“Obviously I reject certain accusations accusations that have been made anonymously by certain people. Many of the people they chose to reject were members of the Conservative Party or in any case were members last year. Obviously they’re not allowed to do that according to Union rules, and I think that’s where the focus should be, on the fact that they refused to abide by fair Union rules because they thought that it would lose them an election.

Mr Buist also spoke of his hope that there might be some form of Conservative society restored to affiliation with the Students’ Association at some point, “There are a large number of members, Conservative supporters, people interested in politics, who want to see a more honest and a more fun student politics which cuts out all of this political infighting and all that nonsense, and who want to have a connection with the Union, at the moment there is no society for them which is a significant shame.

“The current committee of the disaffiliated society should think very carefully about what they’ve done to deny those people a chance to connect their politics or political interest with their studies and membership of the union.

“The society grew from having less than 10 regular members at the start of last year to having an official membership of just under 80 people, when we sung together we sung with one voice. We debated ideas together and I want it to go back to that, and with some people that’s not going to be possible because they’ve allowed it to get tied up with their own personal views.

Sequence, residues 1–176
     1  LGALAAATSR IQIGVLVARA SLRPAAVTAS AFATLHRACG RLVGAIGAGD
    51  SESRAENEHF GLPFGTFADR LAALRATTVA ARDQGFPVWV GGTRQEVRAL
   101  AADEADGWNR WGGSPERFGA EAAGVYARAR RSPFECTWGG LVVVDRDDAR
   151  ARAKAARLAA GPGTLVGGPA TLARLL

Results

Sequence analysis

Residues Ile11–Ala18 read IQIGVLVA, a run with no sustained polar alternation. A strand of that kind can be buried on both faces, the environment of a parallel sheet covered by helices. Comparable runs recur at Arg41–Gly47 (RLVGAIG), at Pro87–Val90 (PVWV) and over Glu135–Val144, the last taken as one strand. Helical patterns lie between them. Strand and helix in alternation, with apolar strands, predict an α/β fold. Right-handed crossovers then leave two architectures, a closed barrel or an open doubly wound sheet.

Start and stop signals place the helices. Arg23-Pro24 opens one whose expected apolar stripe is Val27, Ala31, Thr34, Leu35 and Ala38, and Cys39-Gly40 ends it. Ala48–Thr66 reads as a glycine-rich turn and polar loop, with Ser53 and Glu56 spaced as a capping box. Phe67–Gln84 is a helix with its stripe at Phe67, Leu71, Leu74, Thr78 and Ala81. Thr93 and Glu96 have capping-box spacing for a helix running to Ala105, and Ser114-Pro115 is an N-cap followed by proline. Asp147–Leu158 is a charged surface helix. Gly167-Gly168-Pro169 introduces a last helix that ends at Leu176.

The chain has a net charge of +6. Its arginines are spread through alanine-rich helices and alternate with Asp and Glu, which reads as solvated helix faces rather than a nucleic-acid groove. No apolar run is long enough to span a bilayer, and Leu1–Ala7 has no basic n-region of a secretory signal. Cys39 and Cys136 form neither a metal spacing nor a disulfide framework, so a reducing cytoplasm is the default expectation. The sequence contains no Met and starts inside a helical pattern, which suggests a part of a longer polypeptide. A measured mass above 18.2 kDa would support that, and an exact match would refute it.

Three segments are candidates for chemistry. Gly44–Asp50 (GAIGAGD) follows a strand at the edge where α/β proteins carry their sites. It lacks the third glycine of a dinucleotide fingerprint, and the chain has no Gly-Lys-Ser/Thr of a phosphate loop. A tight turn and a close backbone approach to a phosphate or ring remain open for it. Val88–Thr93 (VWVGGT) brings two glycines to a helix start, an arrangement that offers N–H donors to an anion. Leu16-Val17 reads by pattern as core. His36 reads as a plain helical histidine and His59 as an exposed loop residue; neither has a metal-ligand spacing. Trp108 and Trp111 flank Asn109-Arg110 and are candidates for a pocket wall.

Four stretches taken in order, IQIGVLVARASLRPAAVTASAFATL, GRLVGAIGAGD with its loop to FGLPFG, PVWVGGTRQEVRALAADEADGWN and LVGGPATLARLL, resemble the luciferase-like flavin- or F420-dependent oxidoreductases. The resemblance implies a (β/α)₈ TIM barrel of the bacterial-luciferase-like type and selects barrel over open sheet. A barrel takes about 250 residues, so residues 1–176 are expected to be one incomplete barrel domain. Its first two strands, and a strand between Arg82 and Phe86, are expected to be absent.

“But I believe that we can have a future, but that it must be based around a society that remembers that we’re all students and that it should be for students, that maybe puts egos to one side for a little bit, including my own.”

The full statement by the Students’ Association on the decision by the Conservative Society to disaffiliate can be found here.

From start to finish: a timeline

18 April – Fraudulent AGM held.

19 MayThe Saint article detailing allegations of election foul play is published; Students’ Association launch investigation into the AGM.

15 September – Confirmation of election fraud and other details of the investigation disclosed to The Saint.

19 September – Conservative Society committee informed of results of investigation following a press enquiry from The Saint.

20 September – Meeting between committee and Students’ Association officials to “rectify lack of communication.”

20 September – The Conservative Society was issued a notice to cure [a formal request to rectify the situation], with the understanding that the Societies Committee would oversee the upcoming election.